## Is there a prime $q$ smaller than a given prime $p>5$ such that the inverse of $q$ modulo $p$ is an integer square?

Let $$p$$ be a prime. For each $$k=1,\ldots,p-1$$ there is a unique $$\bar k\in\{1,\ldots,p-1\}$$ with $$k\bar k\equiv1\pmod p$$, and we call $$\bar k$$ the inverse of $$k$$ modulo $$p$$. In 2014 I investigated the set $$\{\bar q:\ q\ \text{is a prime smaller than}\ p\}$$ and found that it contains an integer square if $$5. (See http://oeis.org/A242425 and http://oeis.org/A242441.) This led me to formulate the following conjecture.

Conjecture. For any prime $$p>5$$, there is a prime $$q such that the inverse $$\bar q$$ of $$q$$ modulo $$p$$ is an integer square.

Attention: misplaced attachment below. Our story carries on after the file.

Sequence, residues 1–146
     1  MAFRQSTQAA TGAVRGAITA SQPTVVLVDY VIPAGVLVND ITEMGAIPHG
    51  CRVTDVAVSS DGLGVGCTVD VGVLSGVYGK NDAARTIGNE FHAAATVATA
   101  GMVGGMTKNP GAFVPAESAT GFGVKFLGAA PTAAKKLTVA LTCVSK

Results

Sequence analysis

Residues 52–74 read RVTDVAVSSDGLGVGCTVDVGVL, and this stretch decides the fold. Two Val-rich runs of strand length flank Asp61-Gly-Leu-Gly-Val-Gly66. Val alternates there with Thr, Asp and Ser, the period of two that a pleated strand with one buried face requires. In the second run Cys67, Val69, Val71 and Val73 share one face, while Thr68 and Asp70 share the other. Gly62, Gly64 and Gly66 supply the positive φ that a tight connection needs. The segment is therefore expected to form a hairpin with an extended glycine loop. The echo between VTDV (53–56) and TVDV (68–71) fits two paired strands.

For example, the inverse of $$13$$ modulo $$23$$ is $$4^2<23$$, the inverse of $$5$$ modulo $$61$$ is $$7^2<61$$, and the inverse of $$11$$ modulo the prime $$509$$ is $$18^2<509$$.

QUESTION. What tools in number theory are helpful to prove the above conjecture?